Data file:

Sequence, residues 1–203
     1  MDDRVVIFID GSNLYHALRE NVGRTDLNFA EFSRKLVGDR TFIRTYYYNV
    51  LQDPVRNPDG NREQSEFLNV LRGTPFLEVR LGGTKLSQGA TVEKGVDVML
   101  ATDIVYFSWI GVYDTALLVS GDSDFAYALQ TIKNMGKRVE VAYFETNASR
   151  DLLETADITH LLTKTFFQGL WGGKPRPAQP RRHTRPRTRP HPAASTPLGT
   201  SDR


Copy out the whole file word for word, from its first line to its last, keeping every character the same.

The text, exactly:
Sequence, residues 1–203
     1  MDDRVVIFID GSNLYHALRE NVGRTDLNFA EFSRKLVGDR TFIRTYYYNV
    51  LQDPVRNPDG NREQSEFLNV LRGTPFLEVR LGGTKLSQGA TVEKGVDVML
   101  ATDIVYFSWI GVYDTALLVS GDSDFAYALQ TIKNMGKRVE VAYFETNASR
   151  DLLETADITH LLTKTFFQGL WGGKPRPAQP RRHTRPRTRP HPAASTPLGT
   201  SDR